From now on I'll just download the games to save me the hassle that IS DRM Page 2

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  • Deleted user 12 November 2012 09:17:59
    Moot_Point wrote:
    oi wrote:
    That had to be sarcasm though, surely.
    Well the crux of the OP's argument was about him buying a disc ;) based game that required an internet connection. Not downloading a copy from the pirate bay. So, saying that he wasn't allowed to play it as and when he wants is a bit cuntish, no?
    It was a reasonably crazy thing to say hence why I thought he was just being a sarky git.
  • spamdangled 12 Nov 2012 09:19:39 27,197 posts
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    Anyway, Bulletstorm on PC costs about a fiver now (if that), so it's not exactly like he just dropped 40 quid on the thing.

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  • bad09 12 Nov 2012 09:19:58 5,504 posts
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    darkmorgado wrote:
    And it isn't retarded to buy a PC game without checking whether or not you will be able to run it?
    Like I said you can blame consumer ignorance if you want doesn't really solve anything just highlights how people just do not expect such shit treatment when they buy entertainment products.

    Not every consumer knows how shit the industry is now, not every consumer has learnt to deal with the crud side of this industry and find out the DRM before details on the game. People don't expect to be held to ransom by an unrelated thing, of course these people find out the hard way like this guy here but I honestly don't think it's their fault. You don't scan every bit of detail when buying a console game and you didn't on PC games years ago.

    We shouldn't have to research the stupid ineffective anti-consumer hoops this industry wants for paying consumers while pirates just download a copy with no hassle. I don't see why a consumer needs to research every aspect of a purchase just to ensure it will start.
  • kalel 12 Nov 2012 09:20:56 83,875 posts
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    I do sympathise with the OP. It's annoying to have that happen (and not such a ridiculously stupid thing to do in fairness, it's probably fairly easily done). It doesn't justify piracy though.
  • spamdangled 12 Nov 2012 09:21:57 27,197 posts
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    bad09 wrote:
    You don't scan every bit of detail when buying a console game and you didn't on PC games years ago.
    It's been common sense to check the system requirements on a PC game for well over two decades now.

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  • spamdangled 12 Nov 2012 09:22:32 27,197 posts
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    kalel wrote:
    I do sympathise with the OP. It's annoying to have that happen (and not such a ridiculously stupid thing to do in fairness, it's probably fairly easily done). It doesn't justify piracy though.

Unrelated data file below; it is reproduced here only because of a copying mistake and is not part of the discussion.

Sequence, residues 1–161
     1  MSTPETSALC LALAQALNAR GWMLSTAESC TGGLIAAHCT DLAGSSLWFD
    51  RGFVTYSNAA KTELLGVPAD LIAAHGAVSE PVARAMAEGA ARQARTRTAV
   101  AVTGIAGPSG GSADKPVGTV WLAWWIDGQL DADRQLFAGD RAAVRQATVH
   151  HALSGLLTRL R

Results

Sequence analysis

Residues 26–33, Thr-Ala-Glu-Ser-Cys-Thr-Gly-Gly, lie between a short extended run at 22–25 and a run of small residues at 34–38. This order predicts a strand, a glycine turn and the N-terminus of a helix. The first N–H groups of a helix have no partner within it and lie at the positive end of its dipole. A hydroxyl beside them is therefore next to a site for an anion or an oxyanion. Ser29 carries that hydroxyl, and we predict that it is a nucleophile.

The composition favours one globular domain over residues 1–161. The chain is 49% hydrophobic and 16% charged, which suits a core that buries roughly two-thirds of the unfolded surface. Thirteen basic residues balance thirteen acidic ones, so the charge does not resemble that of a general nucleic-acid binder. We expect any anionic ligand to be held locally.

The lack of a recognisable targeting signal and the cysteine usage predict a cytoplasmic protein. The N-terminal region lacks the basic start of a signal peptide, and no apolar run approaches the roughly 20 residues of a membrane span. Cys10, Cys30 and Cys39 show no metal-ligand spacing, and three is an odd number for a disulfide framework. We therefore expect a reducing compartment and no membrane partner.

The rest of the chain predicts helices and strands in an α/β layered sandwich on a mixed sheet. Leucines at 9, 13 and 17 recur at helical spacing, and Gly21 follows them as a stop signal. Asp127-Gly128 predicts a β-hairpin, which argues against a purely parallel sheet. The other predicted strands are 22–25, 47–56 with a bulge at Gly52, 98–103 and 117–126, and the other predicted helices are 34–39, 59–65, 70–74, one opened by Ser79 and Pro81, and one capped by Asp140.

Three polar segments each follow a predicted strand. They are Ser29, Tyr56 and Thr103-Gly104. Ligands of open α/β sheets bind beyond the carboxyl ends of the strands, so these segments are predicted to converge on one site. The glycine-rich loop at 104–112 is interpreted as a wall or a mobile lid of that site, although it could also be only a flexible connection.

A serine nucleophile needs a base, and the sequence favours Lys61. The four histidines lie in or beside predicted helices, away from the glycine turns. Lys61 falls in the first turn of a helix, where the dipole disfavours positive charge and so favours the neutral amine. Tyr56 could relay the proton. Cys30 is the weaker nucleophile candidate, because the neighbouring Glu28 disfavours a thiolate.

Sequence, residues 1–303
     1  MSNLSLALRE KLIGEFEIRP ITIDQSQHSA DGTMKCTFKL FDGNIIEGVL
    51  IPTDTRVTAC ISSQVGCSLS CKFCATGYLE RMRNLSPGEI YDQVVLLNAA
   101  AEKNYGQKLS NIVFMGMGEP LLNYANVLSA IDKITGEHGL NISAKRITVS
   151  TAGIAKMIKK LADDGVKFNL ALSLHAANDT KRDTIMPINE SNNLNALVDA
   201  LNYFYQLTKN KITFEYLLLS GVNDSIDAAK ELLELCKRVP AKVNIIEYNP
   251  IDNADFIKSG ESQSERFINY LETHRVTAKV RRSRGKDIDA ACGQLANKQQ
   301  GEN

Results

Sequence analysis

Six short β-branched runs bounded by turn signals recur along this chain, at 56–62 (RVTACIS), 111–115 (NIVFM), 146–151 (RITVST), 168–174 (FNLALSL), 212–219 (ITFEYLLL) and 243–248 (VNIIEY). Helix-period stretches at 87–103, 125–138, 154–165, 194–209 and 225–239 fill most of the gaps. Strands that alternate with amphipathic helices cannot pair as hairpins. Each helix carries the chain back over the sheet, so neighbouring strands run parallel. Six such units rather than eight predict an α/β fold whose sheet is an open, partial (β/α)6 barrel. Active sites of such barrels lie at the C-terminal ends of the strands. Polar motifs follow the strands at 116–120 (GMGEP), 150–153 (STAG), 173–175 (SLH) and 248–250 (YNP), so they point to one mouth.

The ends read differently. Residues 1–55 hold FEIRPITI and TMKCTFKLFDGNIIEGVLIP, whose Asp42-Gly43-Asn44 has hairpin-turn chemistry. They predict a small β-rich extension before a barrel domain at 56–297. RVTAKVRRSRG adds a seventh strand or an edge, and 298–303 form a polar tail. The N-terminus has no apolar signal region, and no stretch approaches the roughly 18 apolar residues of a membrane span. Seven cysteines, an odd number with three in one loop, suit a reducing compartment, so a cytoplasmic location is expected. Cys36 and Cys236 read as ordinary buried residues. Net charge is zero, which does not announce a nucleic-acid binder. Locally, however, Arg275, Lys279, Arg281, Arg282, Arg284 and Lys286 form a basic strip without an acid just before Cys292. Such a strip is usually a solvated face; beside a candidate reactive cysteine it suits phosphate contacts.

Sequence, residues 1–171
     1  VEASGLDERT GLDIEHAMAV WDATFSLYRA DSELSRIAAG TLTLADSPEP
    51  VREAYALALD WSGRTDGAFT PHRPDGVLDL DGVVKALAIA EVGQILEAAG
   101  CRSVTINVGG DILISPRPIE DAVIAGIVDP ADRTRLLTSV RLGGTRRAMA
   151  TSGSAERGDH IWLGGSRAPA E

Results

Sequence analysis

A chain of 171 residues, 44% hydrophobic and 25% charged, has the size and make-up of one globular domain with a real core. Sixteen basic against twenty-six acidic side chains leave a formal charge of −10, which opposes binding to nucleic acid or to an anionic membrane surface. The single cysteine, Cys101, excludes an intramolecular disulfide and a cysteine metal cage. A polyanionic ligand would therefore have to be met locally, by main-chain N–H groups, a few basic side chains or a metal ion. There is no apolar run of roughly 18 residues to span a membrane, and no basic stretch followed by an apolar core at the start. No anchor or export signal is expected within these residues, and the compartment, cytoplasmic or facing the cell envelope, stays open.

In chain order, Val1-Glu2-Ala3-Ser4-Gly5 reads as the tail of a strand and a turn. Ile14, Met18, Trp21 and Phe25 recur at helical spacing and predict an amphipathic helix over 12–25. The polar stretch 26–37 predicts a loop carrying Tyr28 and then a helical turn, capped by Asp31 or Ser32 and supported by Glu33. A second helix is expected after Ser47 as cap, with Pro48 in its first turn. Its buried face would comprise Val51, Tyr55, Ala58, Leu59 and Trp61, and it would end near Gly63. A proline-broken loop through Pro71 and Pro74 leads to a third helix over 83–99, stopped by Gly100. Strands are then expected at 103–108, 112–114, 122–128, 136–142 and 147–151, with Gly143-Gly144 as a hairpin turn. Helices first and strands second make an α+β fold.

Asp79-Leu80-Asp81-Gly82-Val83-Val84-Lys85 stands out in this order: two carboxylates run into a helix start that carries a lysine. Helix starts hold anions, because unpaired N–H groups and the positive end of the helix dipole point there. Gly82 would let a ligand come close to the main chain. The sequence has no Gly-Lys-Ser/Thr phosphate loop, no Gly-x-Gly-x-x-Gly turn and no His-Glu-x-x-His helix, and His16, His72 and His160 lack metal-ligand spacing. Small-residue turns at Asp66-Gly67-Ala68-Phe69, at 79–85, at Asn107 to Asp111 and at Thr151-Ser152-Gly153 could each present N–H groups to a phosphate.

Quite.

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  • bad09 12 Nov 2012 09:25:36 5,504 posts
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    darkmorgado wrote:
    bad09 wrote:
    You don't scan every bit of detail when buying a console game and you didn't on PC games years ago.
    It's been common sense to check the system requirements on a PC game for well over two decades now.
    Well you can just go round looking down on people for making the mistake of thinking something they buy will work out of the box, for me things like this just highlight the problem and how it breeds and encourages piracy rather than stop it.
  • bad09 12 Nov 2012 09:27:00 5,504 posts
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    kalel wrote:
    I do sympathise with the OP. It's annoying to have that happen (and not such a ridiculously stupid thing to do in fairness, it's probably fairly easily done). It doesn't justify piracy though.
    It's all good saying it doesn't justify piracy but when you are stood there with a disc and a key yet you still can't play you do feel stupid for buying.

    It may not justify it but it sure does encourage it, which is the problem.
  • Moot_Point 12 Nov 2012 09:28:04 3,508 posts
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    bigbandluva wrote:
    The thing that makes me even more mad is the fact that I would've avoided all of these problems if I were to simply downloading it, free of charge. I know I'm not the first one to make this remark, but something is seriously fucked up when the buying customer gets a product that's worse than the one you find for free on TPB, isn't it? What the fuck is wrong with PC gaming?
    This statement doesn't say in any way he would download future games off TPB. It merely says it would be easier to do so. Time to dismount the horse!

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  • kalel 12 Nov 2012 09:28:38 83,875 posts
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    The thing is, pretty much everyone who pirates games has an internet connection, so it's not outrageous logic to make that the requirement for verification.
  • spamdangled 12 Nov 2012 09:28:38 27,197 posts
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    bad09 wrote:
    Well you can just go round looking down on people for making the mistake of thinking something they buy will work out of the box